I went to Singapore for the holidays. It was the first time I’d spent the Christmas season outside of the US, and my first time visiting the island city-state with the benevolent dictatorship disguised as a democracy. I wouldn’t say it was a life-changing trip, but it did give me some new perspective, and writers love perspective like a cat loves nip.
If there’s one thing that stood out to me most about Singapore it was this odd sense of juxtaposition. Duality. Contrast. Yin and Yang (which is appropriate given the country’s heavy Chinese influence).
Singapore has bountiful natural beauty, and yet so much of it is artificial. Fake smiles, fake neighborhoods, even fake trees in the Gardens by the Bay.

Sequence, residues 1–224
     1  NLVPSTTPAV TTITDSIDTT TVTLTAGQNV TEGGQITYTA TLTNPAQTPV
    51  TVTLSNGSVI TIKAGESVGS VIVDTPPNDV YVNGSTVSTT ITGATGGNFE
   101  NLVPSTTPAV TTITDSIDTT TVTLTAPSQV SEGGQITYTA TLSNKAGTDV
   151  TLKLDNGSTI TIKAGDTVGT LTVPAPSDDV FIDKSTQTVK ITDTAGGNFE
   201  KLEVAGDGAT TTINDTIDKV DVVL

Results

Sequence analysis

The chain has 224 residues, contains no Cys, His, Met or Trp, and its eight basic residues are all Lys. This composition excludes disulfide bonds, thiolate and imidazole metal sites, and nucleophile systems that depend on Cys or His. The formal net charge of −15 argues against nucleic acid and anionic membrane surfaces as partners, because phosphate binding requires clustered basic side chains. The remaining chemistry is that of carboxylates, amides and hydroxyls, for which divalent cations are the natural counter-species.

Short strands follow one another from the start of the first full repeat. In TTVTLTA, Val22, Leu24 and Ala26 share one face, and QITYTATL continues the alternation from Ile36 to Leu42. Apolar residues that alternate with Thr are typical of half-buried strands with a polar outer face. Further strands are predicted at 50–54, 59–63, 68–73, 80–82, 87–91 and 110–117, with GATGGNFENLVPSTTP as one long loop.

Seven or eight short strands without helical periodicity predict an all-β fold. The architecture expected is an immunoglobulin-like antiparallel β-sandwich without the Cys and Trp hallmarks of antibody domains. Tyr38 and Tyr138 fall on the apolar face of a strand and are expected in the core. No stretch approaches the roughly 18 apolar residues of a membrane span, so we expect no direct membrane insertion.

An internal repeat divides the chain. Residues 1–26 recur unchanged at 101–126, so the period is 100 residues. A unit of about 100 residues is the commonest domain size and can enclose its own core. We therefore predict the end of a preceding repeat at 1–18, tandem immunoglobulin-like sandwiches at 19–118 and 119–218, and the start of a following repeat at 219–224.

Singapore has a thriving tourist trade, with over 3 million visitors a year, but the place is often (though not always) rather unfriendly to strangers. And when there is friendliness, it feels belabored and…wrong. I felt this most strongly at the airport, where there were staff who actually checked in for me at what would be considered a “self-service” kiosk nearly everywhere else in the world. I suppose they were trying to make it feel convenient, but it ended up being awkward and kind of belittling.
The country prides itself on education, but so many of its best and brightest who have the means to study abroad, prefer to do so.
Singapore is clean, and free of graffiti and litter, but only through imposing harsh fines for everything from eating on the train to chewing gum (which is actually even illegal to possess in the country).
It’s a land of dichotomies; neither good nor bad, but many varying shades of gray. It’s a perfect little micro-nation to study the dynamics of people and nature. In many ways, I found inspiration there. My Ninth Order series of books takes place on a group of small islands. I was struggling to find the inspiration to finish the sequel, but now I think I have it.